Gerard Manley Hopkins – feeling the fell of dark

I wake and feel the fell of dark, not day.

What hours, O what black hours we have spent

This night!

Much of the wonderful poetry of the Jesuit priest Gerard Manley Hopkins sprung out of the certainty of his religious belief and his joy in God’s creation, but in the collection known as the Terrible Sonnets, or the Sonnets of Desolation, we read and experience the feelings about his emotional state. They express no doubt about the existence of God, but, rather as the biographer Robert Bernard Martin puts it, something much more terrifying – the certainty that God does exist and an almost equal certainty that God’s mercy does not extend to the poet himself, or, that God is unaware of the individual or careless of their fate. The inspiration to write the sonnets is born from terror and here religion does not offer comfort. Hopkins in a letter to Robert Bridges about the sonnets says that ‘four of these came like inspirations unbidden and against my will.’

The poetry could be seen as one way that Hopkins could contain his mental dread and hold on to his sanity by accommodating the chaos of his unconscious through the composition and order of writing the verse. Martin writes:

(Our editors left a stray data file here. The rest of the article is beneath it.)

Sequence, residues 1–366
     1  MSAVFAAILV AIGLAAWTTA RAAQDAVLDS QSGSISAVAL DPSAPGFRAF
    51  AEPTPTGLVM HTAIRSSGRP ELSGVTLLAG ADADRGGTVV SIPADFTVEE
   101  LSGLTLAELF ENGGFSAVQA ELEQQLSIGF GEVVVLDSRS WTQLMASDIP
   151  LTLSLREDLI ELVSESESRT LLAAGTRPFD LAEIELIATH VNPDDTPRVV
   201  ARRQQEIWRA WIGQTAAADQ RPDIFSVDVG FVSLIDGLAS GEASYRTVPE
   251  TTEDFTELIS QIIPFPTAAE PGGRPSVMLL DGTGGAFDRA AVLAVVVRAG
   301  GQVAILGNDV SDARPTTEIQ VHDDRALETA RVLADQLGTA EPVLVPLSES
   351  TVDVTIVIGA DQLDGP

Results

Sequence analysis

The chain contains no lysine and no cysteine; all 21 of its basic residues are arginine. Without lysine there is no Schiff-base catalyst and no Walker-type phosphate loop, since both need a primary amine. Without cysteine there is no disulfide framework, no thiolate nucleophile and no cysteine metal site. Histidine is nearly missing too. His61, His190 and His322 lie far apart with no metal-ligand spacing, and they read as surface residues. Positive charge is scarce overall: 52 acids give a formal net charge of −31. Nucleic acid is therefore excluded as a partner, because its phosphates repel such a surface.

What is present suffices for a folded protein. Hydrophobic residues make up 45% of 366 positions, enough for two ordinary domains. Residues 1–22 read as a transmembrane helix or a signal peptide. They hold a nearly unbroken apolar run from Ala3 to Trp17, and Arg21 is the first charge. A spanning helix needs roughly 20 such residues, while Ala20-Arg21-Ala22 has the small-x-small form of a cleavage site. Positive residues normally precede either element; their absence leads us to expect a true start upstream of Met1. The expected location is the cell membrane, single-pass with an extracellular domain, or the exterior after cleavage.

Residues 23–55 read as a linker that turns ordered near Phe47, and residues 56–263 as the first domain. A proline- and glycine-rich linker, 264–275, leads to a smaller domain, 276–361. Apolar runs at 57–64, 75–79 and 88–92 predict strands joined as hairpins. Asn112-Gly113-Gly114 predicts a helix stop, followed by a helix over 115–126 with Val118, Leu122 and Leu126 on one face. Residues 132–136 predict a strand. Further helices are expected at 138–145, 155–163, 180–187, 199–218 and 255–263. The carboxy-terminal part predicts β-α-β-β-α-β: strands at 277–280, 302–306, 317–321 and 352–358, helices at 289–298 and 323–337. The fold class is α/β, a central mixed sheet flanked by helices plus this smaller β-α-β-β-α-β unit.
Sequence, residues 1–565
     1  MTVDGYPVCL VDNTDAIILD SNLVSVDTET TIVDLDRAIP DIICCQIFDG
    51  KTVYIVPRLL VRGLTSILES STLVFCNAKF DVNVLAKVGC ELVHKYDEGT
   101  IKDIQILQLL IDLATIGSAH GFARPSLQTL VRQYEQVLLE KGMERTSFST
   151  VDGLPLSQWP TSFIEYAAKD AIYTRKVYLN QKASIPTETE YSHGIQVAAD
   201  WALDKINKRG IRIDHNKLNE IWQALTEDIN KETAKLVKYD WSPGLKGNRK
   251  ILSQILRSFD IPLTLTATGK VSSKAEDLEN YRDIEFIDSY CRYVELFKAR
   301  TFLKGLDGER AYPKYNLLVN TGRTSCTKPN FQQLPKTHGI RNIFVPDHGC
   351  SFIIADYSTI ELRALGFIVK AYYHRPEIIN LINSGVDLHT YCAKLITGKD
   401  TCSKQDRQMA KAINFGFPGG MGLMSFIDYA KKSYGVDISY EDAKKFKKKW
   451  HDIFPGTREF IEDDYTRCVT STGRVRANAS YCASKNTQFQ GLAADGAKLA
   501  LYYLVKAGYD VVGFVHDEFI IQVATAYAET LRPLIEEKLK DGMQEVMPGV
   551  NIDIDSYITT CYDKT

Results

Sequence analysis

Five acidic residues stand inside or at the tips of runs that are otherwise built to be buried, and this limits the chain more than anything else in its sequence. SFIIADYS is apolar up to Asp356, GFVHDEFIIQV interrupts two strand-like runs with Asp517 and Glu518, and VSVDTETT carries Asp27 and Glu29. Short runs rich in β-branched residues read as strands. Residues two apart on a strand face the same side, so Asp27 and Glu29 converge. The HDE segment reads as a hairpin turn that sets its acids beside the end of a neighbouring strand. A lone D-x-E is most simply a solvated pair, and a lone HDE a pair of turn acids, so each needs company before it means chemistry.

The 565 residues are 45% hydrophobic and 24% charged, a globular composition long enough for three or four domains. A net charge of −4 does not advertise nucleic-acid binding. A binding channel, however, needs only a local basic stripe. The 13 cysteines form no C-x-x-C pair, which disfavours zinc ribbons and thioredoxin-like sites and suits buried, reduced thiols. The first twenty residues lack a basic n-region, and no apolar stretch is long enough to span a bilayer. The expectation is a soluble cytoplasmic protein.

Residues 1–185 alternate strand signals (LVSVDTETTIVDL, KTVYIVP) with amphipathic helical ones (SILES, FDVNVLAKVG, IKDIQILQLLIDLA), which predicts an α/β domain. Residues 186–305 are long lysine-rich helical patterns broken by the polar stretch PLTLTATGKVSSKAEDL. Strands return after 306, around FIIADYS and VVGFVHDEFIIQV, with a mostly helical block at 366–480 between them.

‘It seems part of a recurrent pattern in his life, the necessity to give rigorous shape to what was frightening and dimly understood, just as he had chosen the most demanding of orders when he became a Jesuit. The sonnets did not quell the rebel emotions that disturbed him, any more than his vocation removed temptation; both, however, made the ramping beasts tractable.’

Any suggestion of suicide and self-destruction is resisted and in this verse Hopkins seems to touch rock bottom and then turn to life:

Not, I’ll not, carrion comfort. Despair, not feast on thee;

Not untwist – slack they may be – these last strands of man

In me or, most weary, cry I can no more. I can;

Can something, hope, wish day come, not choose not to be.


And in a later poem Hopkins turns to the comfort of the Resurrection that transcends depression and insanity:


Enough! the Resurrection,

A heart’s-clarion! Away grief’s gasping, | joyless days, dejection.

                            Across my foundering deck shone

A beacon, an eternal beam. | Flesh fade, and mortal trash

Fall to the residuary worm; | world’s wildfire, leave but ash:

                            In a flash, at a trumpet crash,

I am all at once what Christ is, | since he was what I am, and

This Jack, joke, poor potsherd, | patch, matchwood, immortal diamond,

                            Is immortal diamond.